USA — Titanium alloy golf clubs can potentially ignite dry brush when the lightweight metal is swung and struck against a rock, researchers said Wednesday.
KNX 1070′s Mike Landa reports the study conducted by scientists at the University of California, Irvine, found that under the right conditions, titanium clubs can create sparks that can heat to more than 3,000 degrees Fahrenheit for long enough to ignite dry foliage.
The findings which were published in February in the peer-reviewed journal Fire and Materials comes in response to a request from Orange County fire investigators to determine whether such clubs could have caused blazes at Shady Canyon Golf Course in Irvine and Arroyo Trabuco Golf Club in Mission Viejo in recent years.
To assist with the study, Orange County fire officials provided researchers with rock and vegetation samples along with a three-iron club with a titanium sole, the Orange County Register reported.
In all these cases, basically, the ball was in a lateral hazard or just out of bounds, the golfer struck the ball, hit the rocks, and it produced sparks hot enough to start the vegetation on fire, said Orange County Fire Authority spokesman Steve Concialdi.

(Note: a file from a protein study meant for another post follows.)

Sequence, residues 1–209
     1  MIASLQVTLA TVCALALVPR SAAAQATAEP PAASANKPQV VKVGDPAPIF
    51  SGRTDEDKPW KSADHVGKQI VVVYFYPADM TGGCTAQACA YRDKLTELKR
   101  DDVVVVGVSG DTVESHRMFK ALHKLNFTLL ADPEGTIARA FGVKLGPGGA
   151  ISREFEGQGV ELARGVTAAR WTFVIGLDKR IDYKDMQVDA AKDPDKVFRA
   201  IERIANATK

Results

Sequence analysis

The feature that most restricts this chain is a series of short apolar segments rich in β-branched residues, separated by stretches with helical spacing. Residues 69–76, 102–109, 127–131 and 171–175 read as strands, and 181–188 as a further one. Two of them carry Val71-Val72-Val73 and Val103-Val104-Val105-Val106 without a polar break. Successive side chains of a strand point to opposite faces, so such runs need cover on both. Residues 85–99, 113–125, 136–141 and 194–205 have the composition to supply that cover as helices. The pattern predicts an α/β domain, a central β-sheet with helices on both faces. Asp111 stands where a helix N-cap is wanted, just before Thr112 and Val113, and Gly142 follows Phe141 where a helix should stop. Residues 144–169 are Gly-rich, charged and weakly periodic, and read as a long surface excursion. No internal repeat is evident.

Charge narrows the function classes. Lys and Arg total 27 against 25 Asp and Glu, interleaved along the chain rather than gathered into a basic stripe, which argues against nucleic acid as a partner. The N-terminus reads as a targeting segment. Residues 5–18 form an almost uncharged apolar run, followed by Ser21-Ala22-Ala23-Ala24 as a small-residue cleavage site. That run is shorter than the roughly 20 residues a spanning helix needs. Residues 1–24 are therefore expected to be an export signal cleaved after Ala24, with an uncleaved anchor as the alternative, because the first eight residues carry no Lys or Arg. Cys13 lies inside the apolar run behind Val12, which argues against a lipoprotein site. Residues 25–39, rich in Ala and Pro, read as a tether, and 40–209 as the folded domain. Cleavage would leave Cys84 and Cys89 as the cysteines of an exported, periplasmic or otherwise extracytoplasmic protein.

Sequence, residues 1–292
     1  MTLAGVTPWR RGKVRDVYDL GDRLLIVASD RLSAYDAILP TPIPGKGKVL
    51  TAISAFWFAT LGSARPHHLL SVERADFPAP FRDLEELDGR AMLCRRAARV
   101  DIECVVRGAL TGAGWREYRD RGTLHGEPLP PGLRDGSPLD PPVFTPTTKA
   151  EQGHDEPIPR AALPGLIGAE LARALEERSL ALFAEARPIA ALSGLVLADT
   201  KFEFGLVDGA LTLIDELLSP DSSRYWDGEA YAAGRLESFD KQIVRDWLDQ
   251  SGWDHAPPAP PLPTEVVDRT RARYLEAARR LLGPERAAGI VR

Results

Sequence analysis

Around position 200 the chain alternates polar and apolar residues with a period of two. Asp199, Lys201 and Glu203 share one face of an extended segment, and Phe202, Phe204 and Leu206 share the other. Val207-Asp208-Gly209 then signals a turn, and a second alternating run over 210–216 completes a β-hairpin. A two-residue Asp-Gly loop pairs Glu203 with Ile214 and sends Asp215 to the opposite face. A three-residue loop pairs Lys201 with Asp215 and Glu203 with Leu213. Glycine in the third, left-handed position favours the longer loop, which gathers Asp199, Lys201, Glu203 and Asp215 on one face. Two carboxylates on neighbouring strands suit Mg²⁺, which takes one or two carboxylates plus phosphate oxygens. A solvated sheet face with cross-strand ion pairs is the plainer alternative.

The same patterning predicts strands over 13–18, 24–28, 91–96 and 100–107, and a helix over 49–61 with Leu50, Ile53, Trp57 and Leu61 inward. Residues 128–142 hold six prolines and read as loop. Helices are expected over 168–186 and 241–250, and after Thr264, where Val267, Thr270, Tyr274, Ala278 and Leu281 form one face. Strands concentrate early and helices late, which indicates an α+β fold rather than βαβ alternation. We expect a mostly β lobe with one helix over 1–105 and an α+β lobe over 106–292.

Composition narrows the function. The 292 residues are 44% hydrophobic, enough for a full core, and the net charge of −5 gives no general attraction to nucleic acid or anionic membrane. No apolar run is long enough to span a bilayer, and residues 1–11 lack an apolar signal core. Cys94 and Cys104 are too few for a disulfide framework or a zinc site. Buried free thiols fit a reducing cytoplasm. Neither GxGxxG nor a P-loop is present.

James Earthman, lead researcher on the report and UC Irvine chemical engineering & materials science professor, said those fires demonstrate the potential risk the titanium clubs could pose.
This unintended hazard could potentially lead to someones death, said Earthman. A very real danger exists, particularly in the Southwest, as long as certain golf clubs remain in use.
Using high-speed video cameras and powerful scanning electron microscope analysis, researchers painstakingly re-created course conditions on the days of the fires and found that when titanium clubs were abraded by striking or grazing hard surfaces, intensely hot sparks flew out of them.
In contrast, when standard stainless steel clubs were used, there was no reaction, researchers found. While most golf clubs have stainless steel heads, a significant number being manufactured or in circulation have a titanium alloy component in the head, according to the study.
Such alloys are 40 percent lighter, which can make the club easier to swing, including when chipping errant balls out of tough spots.